August 17th, 2022
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Fresh Fiction Reviewer Profile | Sandra Martin


The Dead Husband
Carter Wilson

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May 2021
On Sale: May 4, 2021
400 pages
ISBN: 1728225086
EAN: 9781728225081
Kindle: B08DHL9NB8
Trade Size / e-Book
Add to Wish List

Also by Carter Wilson:
The Dead Husband, May 2021
The Dead Girl in 2A, July 2019
Mister Tender's Girl, February 2018
Revelation, December 2017

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Here at Fresh Fiction, we love book chat, and we have a lot of reviewers with fierce opinions about the authors, characters, and books they love (and about the things that drive them crazy). This is one in a series of reviewer profiles. Hopefully, these will give other readers ideas about what books to add to their TBR lists, as well as spark some conversations.

A Midsummer Night's Scream by R.L. Stine

What qualities make a book super satisfying for you – characters, dialogue, setting, mood? Does it depend on what genre the book is? Any examples?

I think a good mix of all these qualities makes a great book.  The characters have to be interesting, the dialogue has to move the story forward, and the setting and mood have to pull me in.  I grew up in the eighties and nineties reading R.L. Stine, Christopher Pike, Richie Tankersley Cusick, and Stephen King.  I've always liked mysteries and scary novels with a sinister atmosphere and unexpected twists.  Some recent favorites are novels by Carter Wilson (THE DEAD HUSBAND and THE NEW NEIGHBOR), Riley Sager (FINAL GIRLS and HOME BEFORE DARK), Vera Kurian (NEVER SAW ME COMING), Lily Sparks (TEEN KILLERS CLUB), and Annie Ward (THE LYING CLUB).

 

Are you a reader who has favorite "re-reads"? If so, what makes a book a re-read for you?

I rarely re-read a book, but I do sometimes go back and read the classics.  I recently re-read TO KILL A MOCKINGBIRD, FRANKENSTEIN, and FAHRENHEIT 451.  It is amazing to see how the themes in these stories stand the test of time.  I also re-read WHERE THE HEART IS by Billie Letts every few years.  I just love her writing and characters and something about this story resonates with me.

Where the Heart Is by Billie Letts

What makes a good character for you? Some readers must "like" or find a character likable for them to enjoy a character. Some don't feel a character has to be likable to be interesting. What about you? Favorites?

I like a character to be strong and self-sufficient.  I don't necessarily have to agree with all of their decisions, but I have to relate to them in some way.  Some of my favorite characters are Sara Paretsky's V.I. Warshawski, Laura Childs' Theodosia Browning, and Billie Letts' Novalee Nation.   I like characters that struggle and succeed and aren't afraid to take risks.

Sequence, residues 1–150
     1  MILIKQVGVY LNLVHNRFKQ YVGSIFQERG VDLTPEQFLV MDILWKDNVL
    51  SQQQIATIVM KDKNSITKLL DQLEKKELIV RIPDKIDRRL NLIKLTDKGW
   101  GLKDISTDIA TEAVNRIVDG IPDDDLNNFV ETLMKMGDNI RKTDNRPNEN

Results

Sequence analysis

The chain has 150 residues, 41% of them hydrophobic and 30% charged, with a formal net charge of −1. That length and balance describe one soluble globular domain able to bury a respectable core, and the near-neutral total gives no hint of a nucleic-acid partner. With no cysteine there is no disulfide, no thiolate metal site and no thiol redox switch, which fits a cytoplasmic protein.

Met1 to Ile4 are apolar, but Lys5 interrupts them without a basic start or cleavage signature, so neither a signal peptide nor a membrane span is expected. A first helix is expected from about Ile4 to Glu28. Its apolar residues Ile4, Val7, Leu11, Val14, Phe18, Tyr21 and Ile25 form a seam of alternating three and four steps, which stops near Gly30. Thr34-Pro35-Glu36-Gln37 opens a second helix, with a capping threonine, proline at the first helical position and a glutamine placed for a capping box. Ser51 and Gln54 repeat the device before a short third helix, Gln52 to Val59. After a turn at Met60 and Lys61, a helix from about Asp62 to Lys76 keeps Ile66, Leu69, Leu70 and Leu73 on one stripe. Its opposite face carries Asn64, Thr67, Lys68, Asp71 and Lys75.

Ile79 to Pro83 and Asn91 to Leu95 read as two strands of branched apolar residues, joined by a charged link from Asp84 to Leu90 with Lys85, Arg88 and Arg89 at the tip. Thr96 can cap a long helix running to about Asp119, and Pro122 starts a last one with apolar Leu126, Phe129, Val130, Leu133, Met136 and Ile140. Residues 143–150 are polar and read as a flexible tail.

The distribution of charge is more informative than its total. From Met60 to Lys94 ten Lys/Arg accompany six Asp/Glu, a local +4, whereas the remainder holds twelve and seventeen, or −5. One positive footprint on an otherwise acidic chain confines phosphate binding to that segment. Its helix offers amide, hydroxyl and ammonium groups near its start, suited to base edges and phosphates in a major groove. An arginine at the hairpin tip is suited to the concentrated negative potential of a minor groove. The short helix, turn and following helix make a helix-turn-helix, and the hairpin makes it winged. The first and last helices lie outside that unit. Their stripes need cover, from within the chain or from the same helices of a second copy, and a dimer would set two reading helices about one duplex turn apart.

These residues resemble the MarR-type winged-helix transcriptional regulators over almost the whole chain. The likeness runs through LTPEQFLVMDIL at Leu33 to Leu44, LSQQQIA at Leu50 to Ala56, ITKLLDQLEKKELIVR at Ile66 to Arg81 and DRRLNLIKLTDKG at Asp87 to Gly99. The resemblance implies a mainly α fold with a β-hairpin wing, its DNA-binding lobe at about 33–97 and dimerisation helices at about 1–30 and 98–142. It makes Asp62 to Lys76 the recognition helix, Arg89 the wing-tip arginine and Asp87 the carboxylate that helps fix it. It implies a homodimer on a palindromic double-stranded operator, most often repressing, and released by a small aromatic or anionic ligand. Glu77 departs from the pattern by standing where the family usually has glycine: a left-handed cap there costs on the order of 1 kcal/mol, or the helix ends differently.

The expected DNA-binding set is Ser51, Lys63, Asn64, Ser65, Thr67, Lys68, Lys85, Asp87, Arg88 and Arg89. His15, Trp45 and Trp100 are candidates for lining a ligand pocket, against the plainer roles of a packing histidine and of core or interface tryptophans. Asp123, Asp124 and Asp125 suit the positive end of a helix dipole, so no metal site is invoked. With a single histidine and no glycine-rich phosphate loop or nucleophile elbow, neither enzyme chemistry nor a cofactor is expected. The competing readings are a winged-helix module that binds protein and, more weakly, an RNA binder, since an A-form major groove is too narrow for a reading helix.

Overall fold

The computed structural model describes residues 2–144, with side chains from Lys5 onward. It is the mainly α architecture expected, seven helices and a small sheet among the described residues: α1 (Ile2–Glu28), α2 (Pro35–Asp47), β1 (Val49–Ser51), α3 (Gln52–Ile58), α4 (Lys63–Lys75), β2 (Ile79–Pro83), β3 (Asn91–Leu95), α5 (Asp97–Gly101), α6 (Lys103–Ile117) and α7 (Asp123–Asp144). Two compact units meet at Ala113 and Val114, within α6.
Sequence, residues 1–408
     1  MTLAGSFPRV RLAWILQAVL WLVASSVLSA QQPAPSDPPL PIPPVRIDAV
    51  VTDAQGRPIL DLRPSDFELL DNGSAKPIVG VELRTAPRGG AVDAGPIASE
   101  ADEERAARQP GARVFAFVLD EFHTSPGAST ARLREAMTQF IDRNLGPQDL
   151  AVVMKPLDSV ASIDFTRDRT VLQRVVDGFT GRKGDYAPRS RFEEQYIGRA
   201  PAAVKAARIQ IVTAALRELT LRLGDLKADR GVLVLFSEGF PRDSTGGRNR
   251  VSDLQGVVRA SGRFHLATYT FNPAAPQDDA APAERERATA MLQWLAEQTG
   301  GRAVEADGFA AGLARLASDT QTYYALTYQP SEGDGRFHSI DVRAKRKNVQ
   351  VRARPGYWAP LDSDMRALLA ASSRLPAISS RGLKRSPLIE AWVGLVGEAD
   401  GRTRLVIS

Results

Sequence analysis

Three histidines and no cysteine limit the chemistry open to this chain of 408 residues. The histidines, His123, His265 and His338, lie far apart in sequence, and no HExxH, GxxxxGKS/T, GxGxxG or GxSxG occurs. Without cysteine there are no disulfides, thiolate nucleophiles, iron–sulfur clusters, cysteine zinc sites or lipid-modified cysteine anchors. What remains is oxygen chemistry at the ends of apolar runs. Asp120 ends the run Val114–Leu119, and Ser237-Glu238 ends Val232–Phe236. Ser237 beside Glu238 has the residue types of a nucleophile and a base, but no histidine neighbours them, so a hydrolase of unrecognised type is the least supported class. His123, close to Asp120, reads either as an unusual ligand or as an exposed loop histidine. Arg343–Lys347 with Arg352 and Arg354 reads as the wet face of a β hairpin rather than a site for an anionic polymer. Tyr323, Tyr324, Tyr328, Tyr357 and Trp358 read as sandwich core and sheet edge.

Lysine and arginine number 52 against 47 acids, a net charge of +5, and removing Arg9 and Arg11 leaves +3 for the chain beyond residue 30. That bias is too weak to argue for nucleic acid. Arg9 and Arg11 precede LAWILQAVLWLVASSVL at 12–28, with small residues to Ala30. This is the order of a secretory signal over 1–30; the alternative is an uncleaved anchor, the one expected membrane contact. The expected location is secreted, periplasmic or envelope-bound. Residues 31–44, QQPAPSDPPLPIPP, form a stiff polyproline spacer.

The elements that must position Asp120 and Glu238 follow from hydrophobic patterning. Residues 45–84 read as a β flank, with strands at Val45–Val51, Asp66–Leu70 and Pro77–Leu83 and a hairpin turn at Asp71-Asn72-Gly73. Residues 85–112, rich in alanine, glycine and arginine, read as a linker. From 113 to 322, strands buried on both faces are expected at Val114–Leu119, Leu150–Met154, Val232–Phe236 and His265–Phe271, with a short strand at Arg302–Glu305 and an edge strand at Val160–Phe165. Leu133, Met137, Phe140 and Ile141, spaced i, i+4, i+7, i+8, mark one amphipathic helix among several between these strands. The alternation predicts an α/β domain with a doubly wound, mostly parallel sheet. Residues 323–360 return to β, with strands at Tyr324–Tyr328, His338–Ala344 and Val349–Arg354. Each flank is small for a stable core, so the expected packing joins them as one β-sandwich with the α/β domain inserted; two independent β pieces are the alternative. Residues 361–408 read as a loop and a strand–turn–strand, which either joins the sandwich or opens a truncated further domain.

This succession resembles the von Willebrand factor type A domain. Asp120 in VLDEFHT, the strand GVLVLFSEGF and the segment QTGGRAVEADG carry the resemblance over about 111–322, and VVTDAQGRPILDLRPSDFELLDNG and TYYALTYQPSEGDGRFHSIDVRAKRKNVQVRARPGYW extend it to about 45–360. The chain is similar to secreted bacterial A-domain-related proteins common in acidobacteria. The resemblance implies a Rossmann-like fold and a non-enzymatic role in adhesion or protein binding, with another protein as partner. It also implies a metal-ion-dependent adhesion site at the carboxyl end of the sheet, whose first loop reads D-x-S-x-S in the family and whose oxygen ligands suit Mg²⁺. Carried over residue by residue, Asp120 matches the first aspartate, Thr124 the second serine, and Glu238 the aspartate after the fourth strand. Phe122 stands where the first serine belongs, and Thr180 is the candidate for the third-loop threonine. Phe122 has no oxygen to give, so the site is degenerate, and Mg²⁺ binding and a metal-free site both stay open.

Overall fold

Favorite villains?

I am a fan of Stephen King, so some of my favorite villains are MISERY's Annie Wilkes and THE SHINING's Jack Torrance.  Such complex and tortured villains.

The Night Circus by Erin Morgenstern

Any books you took a chance on, that you otherwise might not have normally read, but turned out to be amazing?

I normally read mysteries, suspense, and thriller books.  I have just started reading the fantasy novel THE NIGHT CIRCUS by Erin Morgenstern.  I am enjoying the story.  It has a nonlinear timeline with multiple character viewpoints and fantastic magical elements.  I read a few chapters a night and it's pure escapism.

 

Has a book ever made you cry? If so, did you still enjoy the story?

Yes.  The YA novel A LIST OF CAGES by Robin Roe.  It's a story about foster brothers reconnecting, abuse, trauma, and hope.  I was engrossed in the story and rooting for the main character.  I enjoyed it, even though it made me cry.

 

Are there any supporting characters you wish an author would devote an entire book to?

Yes.  I would like Carter Wilson to write a novel about his character Willow.   She's the daughter of a dead psychopathic mother and her story would be so interesting!

 

How do you feel about an author killing off a favorite character or one you felt invested in?

If it works for the story, it's fine with me.  Often, an author will surprise me with the unreliable narrator.  Is the character a good person?  Or are they showing a facade for what lies underneath?  I like being surprised by the characters.

 

Without naming names (specific authors or titles), what are some things you dislike in stories?

I dislike stories that are unnecessarily too long and redundant.  I've noticed cozy mysteries have gotten longer over the years, and that's not necessarily a good thing.   Also, I dislike mysteries with very little mystery and authors who get too political in their fiction writing.

 

Sandra Martin is a reviewer at Fresh Fiction. You can find more of her articles and reviews here.

 

 

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